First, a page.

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FAQs About Minerals
The following questions are commonly asked about minerals.
What is the difference between a mineral and a rock? A mineral is a substance that is formed either through biological, geological, or chemical processes, though it sometimes includes all three. It has a uniform chemical composition, which means that one part of a mineral is the same as another part. In contrast, a rock does not have a uniform chemical composition. One piece of a rock can be very different from another. In fact, rocks are formed by minerals aggregating together, again due to geological or chemical processes.
Is salt a mineral? Yes. Salt is a naturally occurring mineral that is found in the halide class of minerals. These include the halite, fluorite, sylvite, and sal ammoniac minerals. Halide minerals are formed through evaporation, where water leaves behind a thick halide layer. The Dead Sea and the Great Salt Lake are two examples of landlocked lakes that produce large natural salt deposits.
Where do phosphate minerals come from? Phosphate is a mineral group made out of phosphorus, antimony, arsenic, or vanadium. The most common source of phosphate minerals on our planet comes from apatite, which is found in the teeth and bones of animals. Because bones do not decay, the apatite from them is slowly transformed into a phosphate mineral.
What is the largest mineral group? Silicate minerals are by far the largest of minerals. This includes the beautiful quartzes, micas, and feldspars. They are formed through a chemical reaction that leaves the minerals consisting mainly of silicon and oxygen. Since most rocks are over 95 percent silica, it is no wonder that silicate minerals are the most common.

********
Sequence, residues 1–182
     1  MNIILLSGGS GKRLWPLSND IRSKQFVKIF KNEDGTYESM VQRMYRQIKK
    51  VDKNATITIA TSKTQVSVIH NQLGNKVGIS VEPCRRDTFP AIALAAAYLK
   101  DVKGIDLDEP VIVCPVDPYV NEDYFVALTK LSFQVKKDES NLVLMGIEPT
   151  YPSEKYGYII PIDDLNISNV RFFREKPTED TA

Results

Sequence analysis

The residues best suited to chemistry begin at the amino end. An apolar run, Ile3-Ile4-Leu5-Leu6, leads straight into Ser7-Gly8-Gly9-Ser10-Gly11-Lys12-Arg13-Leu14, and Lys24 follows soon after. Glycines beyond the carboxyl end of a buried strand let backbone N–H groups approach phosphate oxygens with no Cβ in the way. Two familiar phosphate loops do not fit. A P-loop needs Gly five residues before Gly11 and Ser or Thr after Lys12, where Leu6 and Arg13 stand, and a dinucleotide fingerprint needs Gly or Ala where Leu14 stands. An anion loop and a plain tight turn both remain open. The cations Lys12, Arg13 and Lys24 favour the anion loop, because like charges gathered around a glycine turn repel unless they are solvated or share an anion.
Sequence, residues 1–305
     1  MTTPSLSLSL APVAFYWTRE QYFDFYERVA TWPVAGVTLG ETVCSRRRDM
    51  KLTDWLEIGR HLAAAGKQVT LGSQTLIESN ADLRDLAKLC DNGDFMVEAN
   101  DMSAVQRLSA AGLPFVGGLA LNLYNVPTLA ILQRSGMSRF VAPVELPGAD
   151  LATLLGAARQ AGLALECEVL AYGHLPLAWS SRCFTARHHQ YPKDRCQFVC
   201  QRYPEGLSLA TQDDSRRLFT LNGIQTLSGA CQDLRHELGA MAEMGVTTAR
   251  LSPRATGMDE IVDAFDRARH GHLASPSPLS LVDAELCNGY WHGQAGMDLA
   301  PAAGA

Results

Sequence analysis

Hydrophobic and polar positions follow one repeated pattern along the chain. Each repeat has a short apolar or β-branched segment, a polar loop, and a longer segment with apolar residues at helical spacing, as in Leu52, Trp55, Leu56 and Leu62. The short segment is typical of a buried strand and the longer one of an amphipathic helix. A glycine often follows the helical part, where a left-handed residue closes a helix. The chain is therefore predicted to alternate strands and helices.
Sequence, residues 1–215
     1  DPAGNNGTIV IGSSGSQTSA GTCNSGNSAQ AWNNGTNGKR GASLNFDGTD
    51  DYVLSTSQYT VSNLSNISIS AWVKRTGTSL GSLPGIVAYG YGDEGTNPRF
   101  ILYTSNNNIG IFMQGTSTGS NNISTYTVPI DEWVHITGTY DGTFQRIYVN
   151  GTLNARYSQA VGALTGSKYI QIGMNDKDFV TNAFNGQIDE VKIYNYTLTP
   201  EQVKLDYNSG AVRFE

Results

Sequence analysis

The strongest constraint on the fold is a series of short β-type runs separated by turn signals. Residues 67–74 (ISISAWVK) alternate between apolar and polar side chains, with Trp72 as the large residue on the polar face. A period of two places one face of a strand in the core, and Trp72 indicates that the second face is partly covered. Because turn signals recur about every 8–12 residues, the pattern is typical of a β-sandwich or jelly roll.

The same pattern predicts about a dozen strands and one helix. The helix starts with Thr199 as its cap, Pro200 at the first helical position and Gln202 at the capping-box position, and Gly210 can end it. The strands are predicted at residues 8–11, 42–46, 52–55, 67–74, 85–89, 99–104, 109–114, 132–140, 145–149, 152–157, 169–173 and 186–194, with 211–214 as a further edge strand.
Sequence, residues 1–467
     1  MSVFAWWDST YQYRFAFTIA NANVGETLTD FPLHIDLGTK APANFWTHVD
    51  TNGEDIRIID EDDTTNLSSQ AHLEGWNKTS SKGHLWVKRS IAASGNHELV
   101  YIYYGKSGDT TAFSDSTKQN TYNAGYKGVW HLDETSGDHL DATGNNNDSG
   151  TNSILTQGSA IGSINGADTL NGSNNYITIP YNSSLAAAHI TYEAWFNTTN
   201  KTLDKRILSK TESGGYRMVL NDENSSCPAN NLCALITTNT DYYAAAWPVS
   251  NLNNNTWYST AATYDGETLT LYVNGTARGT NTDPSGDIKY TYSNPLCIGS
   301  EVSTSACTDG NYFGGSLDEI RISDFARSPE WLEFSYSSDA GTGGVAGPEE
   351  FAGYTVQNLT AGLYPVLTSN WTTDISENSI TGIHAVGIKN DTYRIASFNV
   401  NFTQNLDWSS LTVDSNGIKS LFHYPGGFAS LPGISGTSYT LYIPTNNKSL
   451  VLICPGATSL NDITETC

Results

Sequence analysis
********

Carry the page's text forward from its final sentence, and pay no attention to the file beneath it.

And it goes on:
Minerals, natural substances, are elements such as gold and silver. Minerals can range in composition from pure elements to complex silicates, and the study of such substances is called mineralogy. In comparison, rocks are hard, naturally-formed masses of minerals or petrified matter. Rock shops sell various types of rocks and minerals to people who enjoy collecting them. Such elements can include hemimorphite, adamite, fluorite, calcite, apophyllite, scheelite, barite, galena, malachite, quartz, cerussite, tourmaline, amazonite, beryl and barite. Minerals and vitamins are nutrients the human body needs in order to thrive. Often, we don't get enough vitamins and minerals in our diet, and we need to take supplements to make sure we get a sufficient amount. Stores and dealers that sell minerals may also sell rocks, metal, gems, clay, crystals, trace elements, organic compounds, and colloidal minerals. If you are looking for vitamin and mineral supplements, visit a health foods store, nutrition store, or the health and beauty section of your local drug store. Consult with staff to find out about the best supplements to take if you're on a diet or are strength training. If you are looking for a specialist, collector, or dealer to buy from or sell to, search for dealers or shops in your area. Go online to do your research on how minerals affect water supplies, where you can find mineral foundation and makeup, which states are mineral rich, and where you can find a mineralogy tech expert in your area. The library is also a great resource to find out more on gems, vitamins, metals, crystals, industrial mining, natural elements, import laws, lists, pictures, photos, and more.